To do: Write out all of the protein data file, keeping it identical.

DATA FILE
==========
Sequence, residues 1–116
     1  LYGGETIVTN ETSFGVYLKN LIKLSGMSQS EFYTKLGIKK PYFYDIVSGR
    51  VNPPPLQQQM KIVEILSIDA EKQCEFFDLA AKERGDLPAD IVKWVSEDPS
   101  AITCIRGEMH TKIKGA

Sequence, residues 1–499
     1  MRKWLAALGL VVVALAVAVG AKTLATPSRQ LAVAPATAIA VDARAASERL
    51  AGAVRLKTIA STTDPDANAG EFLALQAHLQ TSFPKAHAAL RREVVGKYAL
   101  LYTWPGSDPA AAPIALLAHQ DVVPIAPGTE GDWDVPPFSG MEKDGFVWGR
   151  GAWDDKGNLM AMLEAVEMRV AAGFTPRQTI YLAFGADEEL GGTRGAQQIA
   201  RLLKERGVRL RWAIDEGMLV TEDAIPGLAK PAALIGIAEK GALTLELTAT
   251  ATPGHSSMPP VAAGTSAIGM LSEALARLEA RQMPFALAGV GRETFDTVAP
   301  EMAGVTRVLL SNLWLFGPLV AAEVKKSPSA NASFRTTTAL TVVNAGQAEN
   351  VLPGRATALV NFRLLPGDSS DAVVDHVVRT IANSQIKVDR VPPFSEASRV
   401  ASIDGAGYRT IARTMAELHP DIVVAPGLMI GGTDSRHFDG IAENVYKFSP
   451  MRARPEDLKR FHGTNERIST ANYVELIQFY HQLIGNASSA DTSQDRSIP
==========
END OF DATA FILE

Sequence, residues 1–116
     1  LYGGETIVTN ETSFGVYLKN LIKLSGMSQS EFYTKLGIKK PYFYDIVSGR
    51  VNPPPLQQQM KIVEILSIDA EKQCEFFDLA AKERGDLPAD IVKWVSEDPS
   101  AITCIRGEMH TKIKGA

Sequence, residues 1–499
     1  MRKWLAALGL VVVALAVAVG AKTLATPSRQ LAVAPATAIA VDARAASERL
    51  AGAVRLKTIA STTDPDANAG EFLALQAHLQ TSFPKAHAAL RREVVGKYAL
   101  LYTWPGSDPA AAPIALLAHQ DVVPIAPGTE GDWDVPPFSG MEKDGFVWGR
   151  GAWDDKGNLM AMLEAVEMRV AAGFTPRQTI YLAFGADEEL GGTRGAQQIA
   201  RLLKERGVRL RWAIDEGMLV TEDAIPGLAK PAALIGIAEK GALTLELTAT
   251  ATPGHSSMPP VAAGTSAIGM LSEALARLEA RQMPFALAGV GRETFDTVAP
   301  EMAGVTRVLL SNLWLFGPLV AAEVKKSPSA NASFRTTTAL TVVNAGQAEN
   351  VLPGRATALV NFRLLPGDSS DAVVDHVVRT IANSQIKVDR VPPFSEASRV
   401  ASIDGAGYRT IARTMAELHP DIVVAPGLMI GGTDSRHFDG IAENVYKFSP
   451  MRARPEDLKR FHGTNERIST ANYVELIQFY HQLIGNASSA DTSQDRSIP